It turns out that up until the late 80s, early 90s, we didn’t even have a model of computation that had all of those properties. And what that says is that you can just use this table to quickly analyze a bunch of blockchain projects. And you can say, Well, if they’re based on the Turing machine, or the lambda calculus, or anything above the yellow box here on this table, whether you’re talking about Tezos or, or Cardano, which are based on the lambda calculus, or Ethereum, which is based on a Von Neuman style machine, which is of the same ilk, as the Turing machine. 

All of those, we can eliminate as having scalability problems, if it’s using something in the yellow box, ie it’s a mobile process calculus that at least has all four properties, then is not going to face those basic scalability issues. If, in addition, it’s based on the bottom row, the rho calculus, then we get two additional features, which are really important. When we’re talking about building a compute infrastructure at scale, then it’s not the humans that are writing the programs, it’s the programs that are writing the programs.

 So you need a meta programming capability, which is embodied in reflection. Likewise, even if the core protocol were written by the angels themselves, those pesky humans are going to introduce bugs, which means you have to be able to catch concurrency bugs, security bugs, and many other kinds of issues that will be introduced and their behavioral types becomes absolutely essential. 

What would have happened if Etherium had been running at 40,000 transactions per second, and the Dao bug had hit in one second, one heartbeat, $150 million would have been drained out of that contract, and there would have been no way for that network to recover. So that’s why the behavioral types are so critical, which is why RChain focuses on the rho calculus.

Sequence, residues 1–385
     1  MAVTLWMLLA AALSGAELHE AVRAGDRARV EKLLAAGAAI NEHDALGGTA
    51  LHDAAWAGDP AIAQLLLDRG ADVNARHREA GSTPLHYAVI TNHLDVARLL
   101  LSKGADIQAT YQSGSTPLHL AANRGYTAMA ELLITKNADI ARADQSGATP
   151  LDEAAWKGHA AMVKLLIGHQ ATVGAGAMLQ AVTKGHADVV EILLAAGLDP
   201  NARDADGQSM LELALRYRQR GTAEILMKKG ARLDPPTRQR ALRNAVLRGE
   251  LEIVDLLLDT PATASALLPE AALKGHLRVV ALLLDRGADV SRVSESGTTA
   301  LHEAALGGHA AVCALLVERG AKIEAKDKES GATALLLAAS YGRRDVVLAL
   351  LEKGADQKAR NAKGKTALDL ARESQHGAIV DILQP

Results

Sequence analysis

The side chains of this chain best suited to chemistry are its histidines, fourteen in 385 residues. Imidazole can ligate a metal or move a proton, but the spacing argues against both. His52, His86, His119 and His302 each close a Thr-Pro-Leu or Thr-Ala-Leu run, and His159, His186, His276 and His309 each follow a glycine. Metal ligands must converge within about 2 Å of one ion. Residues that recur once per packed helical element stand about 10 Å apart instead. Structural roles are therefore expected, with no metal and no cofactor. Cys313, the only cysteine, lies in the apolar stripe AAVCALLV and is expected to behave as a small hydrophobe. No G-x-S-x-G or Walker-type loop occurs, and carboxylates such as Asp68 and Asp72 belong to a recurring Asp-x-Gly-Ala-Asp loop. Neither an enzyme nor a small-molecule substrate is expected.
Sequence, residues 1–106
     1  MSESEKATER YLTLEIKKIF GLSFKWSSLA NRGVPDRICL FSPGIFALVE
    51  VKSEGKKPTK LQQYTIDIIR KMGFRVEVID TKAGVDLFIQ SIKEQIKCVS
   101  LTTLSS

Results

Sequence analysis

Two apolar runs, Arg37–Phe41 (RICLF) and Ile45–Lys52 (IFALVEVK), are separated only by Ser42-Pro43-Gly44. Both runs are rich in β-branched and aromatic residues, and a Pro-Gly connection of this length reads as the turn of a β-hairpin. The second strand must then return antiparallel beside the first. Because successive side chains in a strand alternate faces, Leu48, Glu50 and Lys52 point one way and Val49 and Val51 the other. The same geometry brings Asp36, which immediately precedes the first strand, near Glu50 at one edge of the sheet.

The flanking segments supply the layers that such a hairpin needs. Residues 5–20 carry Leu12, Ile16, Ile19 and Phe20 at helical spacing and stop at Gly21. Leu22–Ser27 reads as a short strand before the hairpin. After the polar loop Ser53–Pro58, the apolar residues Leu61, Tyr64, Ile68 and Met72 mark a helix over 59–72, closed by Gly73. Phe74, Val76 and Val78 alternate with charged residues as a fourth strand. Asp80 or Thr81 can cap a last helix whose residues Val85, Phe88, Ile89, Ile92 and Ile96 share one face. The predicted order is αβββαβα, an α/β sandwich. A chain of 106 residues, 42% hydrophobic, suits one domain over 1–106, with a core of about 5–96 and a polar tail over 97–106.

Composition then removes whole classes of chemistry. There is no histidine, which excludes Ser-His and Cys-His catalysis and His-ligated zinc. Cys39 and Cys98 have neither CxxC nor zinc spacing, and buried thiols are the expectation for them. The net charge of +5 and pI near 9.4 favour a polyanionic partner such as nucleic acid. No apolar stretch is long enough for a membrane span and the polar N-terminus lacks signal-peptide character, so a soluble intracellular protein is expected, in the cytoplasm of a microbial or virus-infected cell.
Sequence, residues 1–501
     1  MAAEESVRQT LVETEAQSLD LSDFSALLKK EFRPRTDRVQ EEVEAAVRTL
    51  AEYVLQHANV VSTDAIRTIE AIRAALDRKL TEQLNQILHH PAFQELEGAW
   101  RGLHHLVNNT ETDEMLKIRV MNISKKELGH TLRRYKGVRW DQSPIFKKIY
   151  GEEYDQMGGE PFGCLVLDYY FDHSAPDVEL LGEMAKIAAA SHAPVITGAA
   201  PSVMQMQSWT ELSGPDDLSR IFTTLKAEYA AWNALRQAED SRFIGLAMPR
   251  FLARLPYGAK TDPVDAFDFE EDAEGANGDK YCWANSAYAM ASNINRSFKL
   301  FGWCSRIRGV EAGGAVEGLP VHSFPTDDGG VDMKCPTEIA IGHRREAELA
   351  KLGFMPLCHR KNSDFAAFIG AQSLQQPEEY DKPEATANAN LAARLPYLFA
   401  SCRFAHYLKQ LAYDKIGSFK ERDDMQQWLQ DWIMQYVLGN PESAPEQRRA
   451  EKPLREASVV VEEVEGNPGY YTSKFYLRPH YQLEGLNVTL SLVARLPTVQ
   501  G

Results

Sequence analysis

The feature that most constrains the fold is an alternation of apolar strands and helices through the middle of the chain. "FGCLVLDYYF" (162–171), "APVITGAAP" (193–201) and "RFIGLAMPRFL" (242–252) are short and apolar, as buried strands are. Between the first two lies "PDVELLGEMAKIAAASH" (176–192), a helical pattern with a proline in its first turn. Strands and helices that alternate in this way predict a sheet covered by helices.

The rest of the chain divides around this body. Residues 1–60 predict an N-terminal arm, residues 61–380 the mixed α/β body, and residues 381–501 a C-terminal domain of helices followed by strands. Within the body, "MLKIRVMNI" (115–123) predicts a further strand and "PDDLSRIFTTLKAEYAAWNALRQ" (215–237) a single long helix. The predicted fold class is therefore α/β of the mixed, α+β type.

Now, I don’t have time to go into the rho calculus, but notice that it fits on the page. And it allows for correct by construction between the smart contracting language and the execution mechanism. So there are no bytecode injection tests possible. 

Whereas projects like Etherium, Cardano, Tezos and many others have to have a proof obligation that there can be no bytecode injection attacks. I can’t talk about all of these other good things that I do hope we have the chance to meet face to face and we can we can talk about how “namespaces” for example, allow you to solve for both the DAG based acceleration and sharding acceleration using a single mechanism. 

But what I want to leave you with is that blockchain, as opposed to merely digital currency, has the potential to provide the pivotal coordination technology. It can provide a global computer and a global database that can amplify humanity’s extraordinary ability to coordinate and work together. 

In particular, it can provide the ability to have on chain self governance. They can provide the ability to have on chain self sovereign identity and self sovereign data. They can provide the needs to have a reconfigurable smart power grid. 

And because of its decentralization, you can put it in the hands of the people who can then light the way for the use of blockchains that we never dreamed possible. 

So with that, I wish you a very good and successful conference. Thank you very much.